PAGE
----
But eventually, and several hours early thanks to our worry, we pulled into our own driveway. I'm always deeply grateful to finally be safe at home after these holiday treks across the country. In this particular case, however, some hard work would be required to make everything safe. The first storm-related task, after greeting the house-sitter and the dogs, and checking on the livestock, and after the car was unloaded and the holiday haul of gifts and of that compensatory kind of shopping rural people do when on a urban "spree" was all brought in, was to reduce the weight of ice and snow on various roofs.
I started by watering the livestock, then turned my attention to the hoophouse. Each section of cover between the rafters was supporting about two or three hundred pounds of unwanted snow and ice, and the whole flimsy structure was groaning under the strain. I was able to shake it off a little at a time, from the inside, first punching hard to break the skin of ice, then pushing and shaking to clear the snow. The cover was damaged badly in three places where the rafters rub against it, and will eventually need to be replaced, but I think I can get another year or two out of it using some patches and glue.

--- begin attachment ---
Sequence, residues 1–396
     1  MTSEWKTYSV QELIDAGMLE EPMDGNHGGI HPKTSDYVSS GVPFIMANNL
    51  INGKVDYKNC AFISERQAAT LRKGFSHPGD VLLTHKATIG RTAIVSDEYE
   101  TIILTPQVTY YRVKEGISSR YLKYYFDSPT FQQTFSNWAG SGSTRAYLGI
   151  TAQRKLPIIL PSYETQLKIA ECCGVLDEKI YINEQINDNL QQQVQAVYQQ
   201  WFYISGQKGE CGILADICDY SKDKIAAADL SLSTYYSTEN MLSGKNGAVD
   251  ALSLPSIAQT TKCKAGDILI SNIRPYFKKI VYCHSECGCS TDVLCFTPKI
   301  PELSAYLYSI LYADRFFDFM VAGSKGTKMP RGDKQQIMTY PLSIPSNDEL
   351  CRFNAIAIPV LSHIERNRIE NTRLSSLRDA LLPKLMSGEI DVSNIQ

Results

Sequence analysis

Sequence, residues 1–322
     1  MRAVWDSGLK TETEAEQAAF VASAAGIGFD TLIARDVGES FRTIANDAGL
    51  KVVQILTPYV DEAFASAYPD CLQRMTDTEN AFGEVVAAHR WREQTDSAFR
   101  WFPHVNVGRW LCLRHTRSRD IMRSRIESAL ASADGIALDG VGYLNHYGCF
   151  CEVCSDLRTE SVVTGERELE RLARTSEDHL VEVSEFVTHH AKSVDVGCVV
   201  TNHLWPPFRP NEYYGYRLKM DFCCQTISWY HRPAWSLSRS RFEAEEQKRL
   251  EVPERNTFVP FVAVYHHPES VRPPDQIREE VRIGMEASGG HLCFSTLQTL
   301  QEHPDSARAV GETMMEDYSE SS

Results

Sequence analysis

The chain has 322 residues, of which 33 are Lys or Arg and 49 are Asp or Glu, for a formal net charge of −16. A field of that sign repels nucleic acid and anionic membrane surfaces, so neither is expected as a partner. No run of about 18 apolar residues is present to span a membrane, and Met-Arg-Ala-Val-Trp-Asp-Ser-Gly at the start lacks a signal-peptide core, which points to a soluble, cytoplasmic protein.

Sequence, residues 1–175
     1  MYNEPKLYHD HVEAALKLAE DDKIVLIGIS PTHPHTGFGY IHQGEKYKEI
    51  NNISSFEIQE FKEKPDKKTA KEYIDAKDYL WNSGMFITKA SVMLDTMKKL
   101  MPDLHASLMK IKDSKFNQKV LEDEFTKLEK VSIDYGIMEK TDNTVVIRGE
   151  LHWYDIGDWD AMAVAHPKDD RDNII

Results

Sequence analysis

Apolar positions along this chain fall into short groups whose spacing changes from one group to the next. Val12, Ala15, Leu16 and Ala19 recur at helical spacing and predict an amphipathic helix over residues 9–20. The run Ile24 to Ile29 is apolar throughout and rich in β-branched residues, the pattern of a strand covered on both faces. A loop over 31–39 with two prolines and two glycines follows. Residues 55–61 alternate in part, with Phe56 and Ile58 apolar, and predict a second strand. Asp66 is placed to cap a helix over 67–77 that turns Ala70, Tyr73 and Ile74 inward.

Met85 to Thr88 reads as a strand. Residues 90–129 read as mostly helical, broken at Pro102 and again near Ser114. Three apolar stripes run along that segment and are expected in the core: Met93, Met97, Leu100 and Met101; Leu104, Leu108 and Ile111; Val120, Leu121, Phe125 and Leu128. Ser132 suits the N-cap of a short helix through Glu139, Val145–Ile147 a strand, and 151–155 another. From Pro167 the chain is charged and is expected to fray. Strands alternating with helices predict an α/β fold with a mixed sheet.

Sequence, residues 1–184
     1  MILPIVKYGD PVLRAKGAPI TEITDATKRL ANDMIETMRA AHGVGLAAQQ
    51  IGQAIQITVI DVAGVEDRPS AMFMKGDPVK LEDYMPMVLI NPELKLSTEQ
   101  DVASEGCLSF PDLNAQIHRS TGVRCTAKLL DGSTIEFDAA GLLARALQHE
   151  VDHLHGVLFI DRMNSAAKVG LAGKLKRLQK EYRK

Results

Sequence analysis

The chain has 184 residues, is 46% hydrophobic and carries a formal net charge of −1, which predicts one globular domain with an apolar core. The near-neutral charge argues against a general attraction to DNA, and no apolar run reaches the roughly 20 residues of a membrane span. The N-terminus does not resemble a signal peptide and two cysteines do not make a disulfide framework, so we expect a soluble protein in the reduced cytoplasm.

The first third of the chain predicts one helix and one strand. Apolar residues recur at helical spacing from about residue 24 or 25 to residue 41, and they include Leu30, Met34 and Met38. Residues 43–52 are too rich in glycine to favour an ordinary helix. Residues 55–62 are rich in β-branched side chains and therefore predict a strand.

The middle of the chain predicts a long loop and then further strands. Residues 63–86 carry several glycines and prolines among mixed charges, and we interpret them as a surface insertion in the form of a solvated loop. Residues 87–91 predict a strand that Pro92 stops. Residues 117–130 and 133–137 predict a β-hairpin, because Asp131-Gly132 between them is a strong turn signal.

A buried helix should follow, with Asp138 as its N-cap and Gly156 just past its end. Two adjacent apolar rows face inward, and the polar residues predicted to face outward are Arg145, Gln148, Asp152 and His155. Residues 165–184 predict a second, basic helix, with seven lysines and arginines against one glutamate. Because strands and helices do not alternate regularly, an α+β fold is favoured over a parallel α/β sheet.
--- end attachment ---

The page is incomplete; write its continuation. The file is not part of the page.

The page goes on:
The next job was the porch roof. With some difficulty I broke out the ladder, chipping off the two inches of ice on the rungs, moved it into the right position and climbed up there to evaluate the damage. Several hundred pounds of snow and ice had already torn away part of the gutter and was threatening the rest, hanging off the edge of the roof in giant heavy icicles. Not one to mess around with fine detail when it comes to something like this, I broke this material off with the sharp end of a claw hammer. (On my RAF fitters course and thereafter on various squadrons we techies were repeatedly told, "Always use the correct tool for the job!") Then I used the roof rake and claw hammer to remove about two thirds of the material on the roof itself. I couldn't get up there to get the rest because the metal porch roof we fitted several years ago is too slippy to walk on, so I had to be content with removing what I could from top of the the ladder. Although it's Christmas, I may go back up there today and try to get some more. Even though there isn't that much weight left up there, the danger is that we get another heavy snowfall later and add to the load. Better safe than sorry.
Here's the finished result. You can see about two hundred pounds of ice and snow left where the two roofs meet on the right. That would be the material I need to remove today.
The next job was to "exercise" the generator. Our house-sitter had experienced about a three-hour outage Monday, and at one point more than a hundred thousand households were without power in the state. Although ours was soon back on, much of Maine's power was still out, and with the wind getting up, adding to the existing stress on the trees and power lines, it seemed like a good idea to make sure this machine was ready.